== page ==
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When my mother was in psycho-geriatric by Sheila Jacob

When my mother was in Psycho-Geriatric

She fluttered towards me
with tiny rapid steps,
her eyes darting jet beads,
her hair a bedraggle of grey
as though she’d roosted
in dusty guttering,
found nowhere soft
to lay her head.

She plucked my sleeve,
showed me to her room,
perched on the bed’s edge
and chirped non-stop
about coins stolen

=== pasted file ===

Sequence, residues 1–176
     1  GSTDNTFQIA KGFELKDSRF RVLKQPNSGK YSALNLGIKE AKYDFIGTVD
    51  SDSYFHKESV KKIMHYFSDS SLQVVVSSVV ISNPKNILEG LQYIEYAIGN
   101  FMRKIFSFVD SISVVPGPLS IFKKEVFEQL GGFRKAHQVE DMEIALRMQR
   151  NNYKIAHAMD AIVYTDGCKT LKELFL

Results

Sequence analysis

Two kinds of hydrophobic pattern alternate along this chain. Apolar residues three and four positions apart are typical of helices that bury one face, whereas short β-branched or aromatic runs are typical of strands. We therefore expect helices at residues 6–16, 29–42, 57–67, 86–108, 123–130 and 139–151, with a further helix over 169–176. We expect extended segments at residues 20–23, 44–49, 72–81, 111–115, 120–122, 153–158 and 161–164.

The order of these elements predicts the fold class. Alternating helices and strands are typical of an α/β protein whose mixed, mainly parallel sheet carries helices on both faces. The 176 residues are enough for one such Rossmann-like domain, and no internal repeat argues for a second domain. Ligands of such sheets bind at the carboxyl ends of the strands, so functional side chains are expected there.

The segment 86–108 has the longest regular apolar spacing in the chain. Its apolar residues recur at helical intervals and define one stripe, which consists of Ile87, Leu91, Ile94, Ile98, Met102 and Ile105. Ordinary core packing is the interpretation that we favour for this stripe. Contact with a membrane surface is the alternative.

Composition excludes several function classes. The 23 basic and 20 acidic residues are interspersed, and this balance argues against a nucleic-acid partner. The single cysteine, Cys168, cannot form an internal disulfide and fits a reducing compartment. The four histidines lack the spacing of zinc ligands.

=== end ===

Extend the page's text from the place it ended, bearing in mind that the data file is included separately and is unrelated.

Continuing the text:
from her purse
and a big black man
who hid in the wardrobe,
loomed out one night,
scared her half to death.

She pecked angrily
amongst her clothes:
vests were missing too.

Her voice rose to a squawk
as she circled, quivered,
almost stumbled
against the window.

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2 thoughts on “When my mother was in psycho-geriatric by Sheila Jacob”

  1. Sheila’s perfectly described extended metaphor, combined with the factual title leaves us nowhere to hide. What she gives us in this poem – the opportunity to remember, empathize, prepare — is one of the reasons we need poetry. Thanks.

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